Silly question about what is considered a liquid - page 2

by queenjean

6,230 Views | 24 Comments

Okay, I had a CHFer on a pretty severe fluid restriction (severe for our floor, we are a medical floor in a smaller hospital). Anyhow, this gentleman was hungry, it was the middle of the night, and we don't have a lot in the... Read More


  1. 0
    Quote from locolorenzo22
    if he needed the calories for nutrition, I would probably let him have it.
    I think that's the key thing to consider. If the pt is hungry and you just don't have anything else stocked that would be suitable, what else can you do? Starve your patient? If you're that worried about the liquid, what I would do is educate the patient on the approximate liquid content of the pudding, inform him of the possible consequences of excess liquid based on his diagnosis and reason for being on fluid restrictions, then document his request for the food item despite being educated.

    That way, you don't starve your patient, you make do with what's stocked, and you CYA.
  2. 1
    I've never counted pudding as a liquid. Ice cream and jello, yes. Pudding, no.
    queenjean likes this.
  3. 5
    Pudding is a full liquid. It's primary element is milk.
    romantic, Cindy-san, queenjean, and 2 others like this.
  4. 3
    Here's the solution to that question:

    Liquid diet is divided into two category:
    1. CLEAR LIQUID DIET - allows liquid that are clear and transparent. such as meat or vegetable broth, bouillion or clear fruit juices, clear carbonated drinks, and believe it or not, even POPSICLES and hard candies, teas or coffee but d/t special considerations on medical tests, some may prefer it to be CLEAR.

    2. FULL LIQUID DIET - allows liquid that can be transparent or opaque but essentially smooth in consistency. Px on this diet can consume juices, milk, ice cream, PUDDING, strained cream soup, fruit nectar with pulp, soft cooked cereals like oatmeals or even wheat.

    So there it is, i hope that clear things out...
    Cindy-san, queenjean, and nessajune21 like this.
  5. 0
    Look at the patient needs. If he's hungry and can't sleep, and that's what you've got, then feed him. If you have an alternative that wouldn't be counted as a fluid- give him that.

    I do vote that it should be counted as a liquid, but there are circumstances where I would tell him to go ahead and eat even if he was over his fluid allowance. Unfortunately, I would also plan on TPTB second guessing me in both cases, and it's too bad if we base our decisions on what our managers will say as opposed to what's best for a particular individual.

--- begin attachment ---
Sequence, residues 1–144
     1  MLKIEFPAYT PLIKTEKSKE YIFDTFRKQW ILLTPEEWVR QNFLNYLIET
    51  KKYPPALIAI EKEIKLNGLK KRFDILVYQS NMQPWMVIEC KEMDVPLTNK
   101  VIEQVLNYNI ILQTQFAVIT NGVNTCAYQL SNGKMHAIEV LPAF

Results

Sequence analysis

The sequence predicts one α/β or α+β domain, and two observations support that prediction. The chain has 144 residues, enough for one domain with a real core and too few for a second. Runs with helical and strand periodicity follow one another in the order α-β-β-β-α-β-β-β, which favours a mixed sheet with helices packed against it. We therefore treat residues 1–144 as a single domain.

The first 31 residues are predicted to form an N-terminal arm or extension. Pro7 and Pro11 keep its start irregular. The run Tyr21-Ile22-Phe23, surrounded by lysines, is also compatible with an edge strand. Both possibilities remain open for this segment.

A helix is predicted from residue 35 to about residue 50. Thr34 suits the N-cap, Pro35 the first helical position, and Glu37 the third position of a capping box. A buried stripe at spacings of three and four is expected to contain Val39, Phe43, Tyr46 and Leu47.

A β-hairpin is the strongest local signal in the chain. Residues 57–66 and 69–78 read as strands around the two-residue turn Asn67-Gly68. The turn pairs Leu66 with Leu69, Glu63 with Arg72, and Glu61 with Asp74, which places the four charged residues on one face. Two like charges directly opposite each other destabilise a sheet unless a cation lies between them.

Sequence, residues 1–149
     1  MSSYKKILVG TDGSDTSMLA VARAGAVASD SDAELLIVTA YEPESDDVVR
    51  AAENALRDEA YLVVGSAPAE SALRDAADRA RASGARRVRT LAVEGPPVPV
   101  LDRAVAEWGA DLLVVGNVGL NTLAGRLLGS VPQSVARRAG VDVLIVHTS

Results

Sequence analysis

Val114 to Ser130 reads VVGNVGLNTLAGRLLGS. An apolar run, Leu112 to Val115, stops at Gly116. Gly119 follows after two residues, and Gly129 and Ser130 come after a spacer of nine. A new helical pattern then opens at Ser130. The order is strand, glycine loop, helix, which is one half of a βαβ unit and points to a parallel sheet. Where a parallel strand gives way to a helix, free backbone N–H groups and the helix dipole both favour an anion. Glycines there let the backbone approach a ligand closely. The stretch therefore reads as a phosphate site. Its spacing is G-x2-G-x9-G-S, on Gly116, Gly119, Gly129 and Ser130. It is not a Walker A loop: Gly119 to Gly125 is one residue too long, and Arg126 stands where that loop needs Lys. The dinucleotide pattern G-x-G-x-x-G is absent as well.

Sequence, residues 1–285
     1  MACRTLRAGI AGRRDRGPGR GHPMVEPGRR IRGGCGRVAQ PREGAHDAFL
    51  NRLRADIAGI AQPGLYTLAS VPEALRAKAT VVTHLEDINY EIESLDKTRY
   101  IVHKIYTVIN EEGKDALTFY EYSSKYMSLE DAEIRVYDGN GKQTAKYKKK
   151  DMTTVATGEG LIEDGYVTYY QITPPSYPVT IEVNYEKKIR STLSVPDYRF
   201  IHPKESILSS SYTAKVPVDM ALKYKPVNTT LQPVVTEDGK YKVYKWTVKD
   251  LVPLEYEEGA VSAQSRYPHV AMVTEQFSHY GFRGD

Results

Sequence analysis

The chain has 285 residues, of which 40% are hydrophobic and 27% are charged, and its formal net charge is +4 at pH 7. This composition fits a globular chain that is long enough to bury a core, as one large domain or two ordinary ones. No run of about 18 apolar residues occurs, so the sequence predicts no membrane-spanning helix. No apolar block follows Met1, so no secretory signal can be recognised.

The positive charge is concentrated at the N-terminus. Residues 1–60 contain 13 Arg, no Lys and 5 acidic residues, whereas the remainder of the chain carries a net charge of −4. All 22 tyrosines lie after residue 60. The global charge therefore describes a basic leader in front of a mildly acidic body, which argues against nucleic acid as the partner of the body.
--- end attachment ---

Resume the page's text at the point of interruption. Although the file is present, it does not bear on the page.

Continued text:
OK now we're off on a tangent- I'll go sit down.
  6. 1
    Quote from queenjean
    Okay, I had a CHFer on a pretty severe fluid restriction (severe for our floor, we are a medical floor in a smaller hospital).

    Anyhow, this gentleman was hungry, it was the middle of the night, and we don't have a lot in the low sodium, fluid free snack department. The aide gave him pudding. I told her she needed to document it as a liquid. The other nurses disagreed with me, saying pudding is not considered a liquid. I have always reported it as a liquid.

    If ice cream and jello are considered liquids, why is pudding not considered a liquid? Or is it?
    The key word here is "fluid" restriction. Pudding is not a fluid. With CHFers, with fluid restrictions, we're typically talking water, juice, coffee, milk, etc.
    queenjean likes this.
  7. 1
    Quote from DonaldJ
    It probably really just depends on your hospital's policy. Check with the RD in your hospital.

    As for saying "If it's liquid at room temp, it's liquid", the pudding that we stock in the places I've worked is the kind that doesn't have to be refrigerated and is thick at room temp.
    I agree with this (to check hospital policy), this is what we were taught in school.

    Eggs whites are a liquid until they are cooked, but after they are cooked I don't think anyone would consider them a liquid.

    Ice, jello, ice cream, all go back to liquid at room temp. Puddings experience a chemical, not a physical change, and will not return back to a liquid state...just like the cooked egg whites.
    queenjean likes this.
  8. 1
    hmm... this appears to not be such a simple question!

    I still say that if it is listed on the full liquid diet menu, then it is a full LIQUID.
    queenjean likes this.
  9. 0
    Quote from nessajune21
    hmm... this appears to not be such a simple question!

    I still say that if it is listed on the full liquid diet menu, then it is a full LIQUID.
    I agree that it is a liquid (full). Never been in a hospital where it was not considered a liquid. However, if the man is hungry in the middle of the night you have to feed him something unless he is NPO. We are talking what, maybe 120cc. If need be that can be subtracted from his allowed amount for the next shift.
  10. 0
    Thanks for the input.

    I would like to note that my question is not whether I should have given my pt something to eat or not. The question is whether pudding is considered a liquid or a solid, particularly when a dietary restriction (such as a strict fluid restriction, full liquid diet, etc) is in place. And apparently the answer is there is no true consensus.


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